So you noticed that there are a handful of roster players missing, did you?
Veteran journeymen like Jordan Nolan, Scott Wilson, and Josh Gorges are in the final year of their deals. None of them are worth re-signing and there is a distinct possibility that only Gorges will get another shot as an NHL regular.
The Nathan Beaulieu experiment has been a waste of a third-round pick. Botterill will try to trade him in the offseason. If he is unable to strike a deal with another team, Beaulieu will join Antipin as a rotational healthy scratch for when the inevitable rash of injuries plagues the defensive corps.
Chad Johnson has been downright awful in relief of Lehner thus far. He’ll be lucky to find another job in the NHL.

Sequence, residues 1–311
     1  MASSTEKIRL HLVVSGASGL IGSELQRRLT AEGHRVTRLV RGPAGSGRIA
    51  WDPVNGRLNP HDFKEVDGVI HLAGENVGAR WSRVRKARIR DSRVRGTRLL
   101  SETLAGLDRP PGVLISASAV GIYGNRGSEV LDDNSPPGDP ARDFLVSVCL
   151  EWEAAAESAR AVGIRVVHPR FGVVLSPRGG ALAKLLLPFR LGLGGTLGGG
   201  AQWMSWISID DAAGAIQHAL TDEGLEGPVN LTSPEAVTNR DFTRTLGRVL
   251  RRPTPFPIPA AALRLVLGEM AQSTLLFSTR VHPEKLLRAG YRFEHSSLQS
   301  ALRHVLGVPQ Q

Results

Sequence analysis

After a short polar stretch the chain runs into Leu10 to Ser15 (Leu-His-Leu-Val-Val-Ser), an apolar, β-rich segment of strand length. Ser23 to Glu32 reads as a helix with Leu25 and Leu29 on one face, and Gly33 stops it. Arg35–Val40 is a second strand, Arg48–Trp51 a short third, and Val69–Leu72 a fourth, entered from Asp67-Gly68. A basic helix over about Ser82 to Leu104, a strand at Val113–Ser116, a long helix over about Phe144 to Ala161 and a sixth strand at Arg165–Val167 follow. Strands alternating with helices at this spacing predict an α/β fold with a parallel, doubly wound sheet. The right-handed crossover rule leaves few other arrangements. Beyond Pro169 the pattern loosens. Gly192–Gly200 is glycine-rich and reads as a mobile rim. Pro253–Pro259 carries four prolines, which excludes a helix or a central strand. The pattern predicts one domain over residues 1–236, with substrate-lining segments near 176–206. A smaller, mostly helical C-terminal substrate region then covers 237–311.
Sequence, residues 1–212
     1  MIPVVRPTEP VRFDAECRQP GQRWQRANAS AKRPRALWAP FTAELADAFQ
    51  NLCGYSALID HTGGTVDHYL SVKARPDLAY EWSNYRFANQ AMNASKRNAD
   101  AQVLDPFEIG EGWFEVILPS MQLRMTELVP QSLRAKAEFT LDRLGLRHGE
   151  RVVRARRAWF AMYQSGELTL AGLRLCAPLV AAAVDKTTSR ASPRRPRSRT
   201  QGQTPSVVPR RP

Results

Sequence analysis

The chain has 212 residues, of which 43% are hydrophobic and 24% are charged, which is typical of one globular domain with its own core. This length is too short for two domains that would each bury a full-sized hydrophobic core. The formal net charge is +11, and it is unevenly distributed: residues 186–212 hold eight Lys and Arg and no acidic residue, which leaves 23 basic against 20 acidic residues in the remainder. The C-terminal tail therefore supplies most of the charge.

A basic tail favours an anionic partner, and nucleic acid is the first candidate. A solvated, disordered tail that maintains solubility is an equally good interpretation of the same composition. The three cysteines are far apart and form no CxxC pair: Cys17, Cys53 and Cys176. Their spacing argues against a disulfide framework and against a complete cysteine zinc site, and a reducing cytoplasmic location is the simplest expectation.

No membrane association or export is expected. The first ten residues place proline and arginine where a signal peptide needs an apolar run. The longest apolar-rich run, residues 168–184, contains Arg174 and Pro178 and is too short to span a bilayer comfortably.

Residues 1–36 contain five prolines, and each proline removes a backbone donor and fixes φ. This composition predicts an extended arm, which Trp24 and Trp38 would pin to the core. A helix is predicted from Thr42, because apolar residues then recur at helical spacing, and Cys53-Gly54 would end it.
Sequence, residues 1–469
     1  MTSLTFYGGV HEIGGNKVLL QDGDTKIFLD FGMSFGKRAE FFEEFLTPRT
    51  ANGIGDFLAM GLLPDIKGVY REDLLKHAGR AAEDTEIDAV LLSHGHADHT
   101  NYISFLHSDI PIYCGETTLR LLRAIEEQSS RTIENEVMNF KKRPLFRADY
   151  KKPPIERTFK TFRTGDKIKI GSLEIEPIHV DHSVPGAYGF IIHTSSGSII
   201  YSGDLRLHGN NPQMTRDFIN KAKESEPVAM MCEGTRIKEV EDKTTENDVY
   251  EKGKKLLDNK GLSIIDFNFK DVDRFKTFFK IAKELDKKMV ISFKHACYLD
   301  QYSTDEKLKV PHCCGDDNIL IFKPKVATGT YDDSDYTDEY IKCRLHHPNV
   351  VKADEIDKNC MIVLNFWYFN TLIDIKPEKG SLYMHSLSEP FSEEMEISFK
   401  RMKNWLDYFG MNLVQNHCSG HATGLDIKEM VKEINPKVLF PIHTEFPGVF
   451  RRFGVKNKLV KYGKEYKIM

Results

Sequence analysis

Tim Murray set this roster back further than anyone imagined, and Botterill will need to deal with several restrictive contracts. Because of the money tied up in under-performing veterans, he will need to rely on players in the system to be NHL ready next season.
The Sabres’ brutal performance this season shows just how far away they are from playoff contention. Botterill needs time to drain the swamp and put his stamp on the roster. Buffalo will show improvement in 2018-19, but ultimately, fans are looking at yet another rebuilding year in Western New York.